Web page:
cur-mud-geon: anyone who hates hypocrisy and pretense and has the temerity to say so; anyone with the habit of pointing out unpleasant facts in an engaging and humorous manner
Limiting any public program is difficult once that program has been established for some time. Limiting public programs becomes even more difficult when those who make their livings from involvement in those programs are threatened. Finally, if those involved in the public programs to be limited have joined labor organizations, the task become almost insurmountable.
Public programs, by definition, involve the consumption of private sector dollars for the “greater good”, and that makes any effort to limit that “greater good’ akin to having taken “rights” away from those involved in consuming those private sector dollars (otherwise known as taxes and fees). The framing of such situations as the overriding of “rights” is effective, but inaccurate since there are no such “rights”; there are only privileges that have been granted.
Each of us, at one time or another, is involved in feeding at this “public trough”, but those instances are often camouflaged and, thus, more difficult to discern. If we have a traffic accident, we will interact with a police officer or an EMT or firefighters, etc. We have become feeders at the “public trough” as the result of our misfortune or negligence. If the roads in our subdivision are repaved, we have become feeders at the public trough even though we ‘deserve’ to have good streets. We may suffer life’s setbacks and need to be supported in one or more ways by our neighbors.
If we are elected and receive compensation for the time spent, we are feeding at the “public trough”. If we become employees of the state or the village or the school district, we are feeding at the public trough even as we deliver services that may, in fact, be invaluable to the community or state. If we teach, we are paid by funds extracted from the public unless we teach at private schools where tuition is largely a matter of non-tax private sector largess. If we police, we are paid from funds extracted from the public.
None of these things are “bad” in and of themselves. To the contrary, many, if not all, are noble ways in which to serve others.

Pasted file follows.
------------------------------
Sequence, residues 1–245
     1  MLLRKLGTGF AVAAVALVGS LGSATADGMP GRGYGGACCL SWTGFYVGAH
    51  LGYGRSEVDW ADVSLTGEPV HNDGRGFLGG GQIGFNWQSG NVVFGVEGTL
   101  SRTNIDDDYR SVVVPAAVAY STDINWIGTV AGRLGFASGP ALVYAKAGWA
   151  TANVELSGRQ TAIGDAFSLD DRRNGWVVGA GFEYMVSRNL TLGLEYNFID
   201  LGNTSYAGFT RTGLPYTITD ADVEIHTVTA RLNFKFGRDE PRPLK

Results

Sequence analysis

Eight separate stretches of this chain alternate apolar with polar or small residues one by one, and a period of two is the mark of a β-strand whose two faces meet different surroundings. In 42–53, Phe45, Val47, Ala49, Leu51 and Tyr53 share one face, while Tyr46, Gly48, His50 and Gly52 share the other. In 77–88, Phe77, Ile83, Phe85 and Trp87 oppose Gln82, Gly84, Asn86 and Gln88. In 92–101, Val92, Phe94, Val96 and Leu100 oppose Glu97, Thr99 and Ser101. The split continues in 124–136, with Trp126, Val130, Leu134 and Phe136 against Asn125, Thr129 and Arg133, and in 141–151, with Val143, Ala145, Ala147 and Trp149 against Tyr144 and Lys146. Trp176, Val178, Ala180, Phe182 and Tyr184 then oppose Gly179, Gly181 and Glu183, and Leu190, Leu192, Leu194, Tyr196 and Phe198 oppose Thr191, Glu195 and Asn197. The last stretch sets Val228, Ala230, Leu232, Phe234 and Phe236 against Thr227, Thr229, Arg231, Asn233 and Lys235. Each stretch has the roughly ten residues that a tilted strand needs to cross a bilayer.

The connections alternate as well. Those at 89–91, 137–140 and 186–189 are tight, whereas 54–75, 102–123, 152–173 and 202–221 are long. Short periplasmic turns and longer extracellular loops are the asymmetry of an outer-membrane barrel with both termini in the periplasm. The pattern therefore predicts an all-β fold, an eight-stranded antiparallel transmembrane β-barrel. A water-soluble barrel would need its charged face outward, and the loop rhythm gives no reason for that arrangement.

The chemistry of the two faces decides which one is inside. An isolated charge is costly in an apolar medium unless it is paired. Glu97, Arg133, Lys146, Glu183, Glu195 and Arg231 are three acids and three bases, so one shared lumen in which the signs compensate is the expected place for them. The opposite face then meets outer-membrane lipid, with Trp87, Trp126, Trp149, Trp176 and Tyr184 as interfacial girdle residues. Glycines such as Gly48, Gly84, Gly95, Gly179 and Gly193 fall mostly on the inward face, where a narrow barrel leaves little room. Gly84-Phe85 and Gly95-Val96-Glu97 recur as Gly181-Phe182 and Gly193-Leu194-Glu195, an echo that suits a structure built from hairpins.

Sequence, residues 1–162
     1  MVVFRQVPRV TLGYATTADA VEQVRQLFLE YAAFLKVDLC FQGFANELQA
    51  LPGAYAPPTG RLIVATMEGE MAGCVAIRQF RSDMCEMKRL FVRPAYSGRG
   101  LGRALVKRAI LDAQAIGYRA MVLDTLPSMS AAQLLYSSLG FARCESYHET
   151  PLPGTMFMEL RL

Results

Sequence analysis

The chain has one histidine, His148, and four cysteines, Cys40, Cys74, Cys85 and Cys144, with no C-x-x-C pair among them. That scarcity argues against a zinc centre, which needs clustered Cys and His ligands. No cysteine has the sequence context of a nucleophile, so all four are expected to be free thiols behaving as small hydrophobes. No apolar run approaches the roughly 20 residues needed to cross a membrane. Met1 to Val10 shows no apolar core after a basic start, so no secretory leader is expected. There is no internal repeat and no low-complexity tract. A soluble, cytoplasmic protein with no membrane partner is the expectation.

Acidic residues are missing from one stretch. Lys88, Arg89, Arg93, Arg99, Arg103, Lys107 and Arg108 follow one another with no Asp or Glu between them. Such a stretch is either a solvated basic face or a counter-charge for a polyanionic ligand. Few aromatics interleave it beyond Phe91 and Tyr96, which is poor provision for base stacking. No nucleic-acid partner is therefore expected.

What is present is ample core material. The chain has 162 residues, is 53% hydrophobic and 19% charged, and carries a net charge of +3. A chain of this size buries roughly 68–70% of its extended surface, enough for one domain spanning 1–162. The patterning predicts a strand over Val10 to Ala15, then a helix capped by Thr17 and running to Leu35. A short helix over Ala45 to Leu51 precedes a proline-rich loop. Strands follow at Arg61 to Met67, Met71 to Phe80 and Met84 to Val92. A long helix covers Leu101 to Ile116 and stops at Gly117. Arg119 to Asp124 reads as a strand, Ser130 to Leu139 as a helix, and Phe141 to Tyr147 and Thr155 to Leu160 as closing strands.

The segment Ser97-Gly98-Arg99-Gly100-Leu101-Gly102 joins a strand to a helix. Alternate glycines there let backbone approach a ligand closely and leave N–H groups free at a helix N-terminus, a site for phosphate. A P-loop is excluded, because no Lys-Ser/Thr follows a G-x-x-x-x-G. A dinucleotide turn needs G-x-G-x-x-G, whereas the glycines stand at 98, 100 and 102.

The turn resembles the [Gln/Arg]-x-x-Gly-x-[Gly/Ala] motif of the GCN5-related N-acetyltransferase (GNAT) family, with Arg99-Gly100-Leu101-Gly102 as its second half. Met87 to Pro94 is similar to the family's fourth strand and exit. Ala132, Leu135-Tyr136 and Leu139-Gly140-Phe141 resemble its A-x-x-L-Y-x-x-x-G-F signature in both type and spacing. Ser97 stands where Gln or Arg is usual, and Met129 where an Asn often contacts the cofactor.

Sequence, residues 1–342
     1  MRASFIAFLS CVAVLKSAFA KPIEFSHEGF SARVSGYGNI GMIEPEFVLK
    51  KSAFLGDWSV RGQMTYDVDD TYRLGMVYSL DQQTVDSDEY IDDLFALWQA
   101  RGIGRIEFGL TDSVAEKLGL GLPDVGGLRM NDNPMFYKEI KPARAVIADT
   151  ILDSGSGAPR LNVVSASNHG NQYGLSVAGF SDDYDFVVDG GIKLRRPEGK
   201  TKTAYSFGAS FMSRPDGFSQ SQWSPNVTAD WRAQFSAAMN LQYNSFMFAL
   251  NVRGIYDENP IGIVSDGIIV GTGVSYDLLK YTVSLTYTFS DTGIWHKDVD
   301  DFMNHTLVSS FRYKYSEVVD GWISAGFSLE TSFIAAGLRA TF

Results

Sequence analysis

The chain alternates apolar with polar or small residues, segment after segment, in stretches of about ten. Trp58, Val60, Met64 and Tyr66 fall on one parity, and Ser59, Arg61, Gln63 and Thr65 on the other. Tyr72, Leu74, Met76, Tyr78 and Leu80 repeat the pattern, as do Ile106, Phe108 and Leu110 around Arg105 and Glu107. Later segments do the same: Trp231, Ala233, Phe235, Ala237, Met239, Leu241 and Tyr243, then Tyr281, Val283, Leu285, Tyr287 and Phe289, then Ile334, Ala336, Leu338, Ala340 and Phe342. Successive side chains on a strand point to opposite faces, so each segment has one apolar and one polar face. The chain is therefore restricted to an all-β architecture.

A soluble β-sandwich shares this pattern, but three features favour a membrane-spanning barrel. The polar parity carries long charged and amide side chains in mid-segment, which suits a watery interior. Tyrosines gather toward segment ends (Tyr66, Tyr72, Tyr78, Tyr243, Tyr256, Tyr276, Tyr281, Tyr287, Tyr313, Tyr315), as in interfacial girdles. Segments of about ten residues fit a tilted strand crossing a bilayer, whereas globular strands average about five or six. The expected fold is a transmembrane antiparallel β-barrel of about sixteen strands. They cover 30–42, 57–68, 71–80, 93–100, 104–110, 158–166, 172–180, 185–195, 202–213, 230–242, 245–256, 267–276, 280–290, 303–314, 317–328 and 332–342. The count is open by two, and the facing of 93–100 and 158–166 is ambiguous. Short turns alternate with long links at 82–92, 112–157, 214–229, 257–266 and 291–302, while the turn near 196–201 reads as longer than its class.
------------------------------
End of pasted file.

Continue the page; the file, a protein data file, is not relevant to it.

Do we have a “right” to expect such service from others? Only in that we are members of a society that made those decisions on its own behalf. Do those who help to deliver those services have a “right” to expect compensation for their time and effort? Only to the extent that society made the determination to provide that compensation.
What if there comes a time when the cost of services being received seems to exceed the publics’ ability to pay, or, if not exceeding the publics’ ability to pay, at least exceeds the publics’ willingness to pay?
In such a case, there needs be some adjustment on one or both sides of the equation. Either those who are paying for the service must be made to understand that they must pay more because those services are essential and not possible to be delivered in any acceptable form at any lesser cost –or – the cost of delivering the service must be controlled since the willingness isn’t there to continue to pay more and more.
We find ourselves in such a situation today in Wisconsin and in the communities that comprise Wisconsin. We are not alone from all reports given similar situations in other states involved in such struggles.
Since we live in a democracy, we tolerate much that passes for public ‘debate’. There is a tendency in all things to ‘push the envelope’ in the name of what one or the other side describes as the search for ‘justice’.
Secondary boycotts seem inappropriate and are likely illegal. The idea that we should avoid buying something from a Kwik Trip because an owner favors one political party over another seems a stretch to me. The idea that threats to personal property and personal safety should be part of the ‘debate’ seems a stretch to me. The idea that a person would leave his or her position vacant to attempt to thwart the democratic process seems a stretch to me. The idea that we adults devolve into something less than we’d find acceptable in our children in our admittedly ‘childish’ displays seems a stretch to me.
We who think we are civilized push that envelope in such situations. We don’t demonstrate restraint nor do we provide good examples for those who look up to us as role models. There are democratic processes available and those should be relied upon. Recall campaigns and the resulting re-elections are suitable. Seeking court decisions as to process are acceptable. That is all part and parcel of our due process. Bullying and implied threats are not part of due process.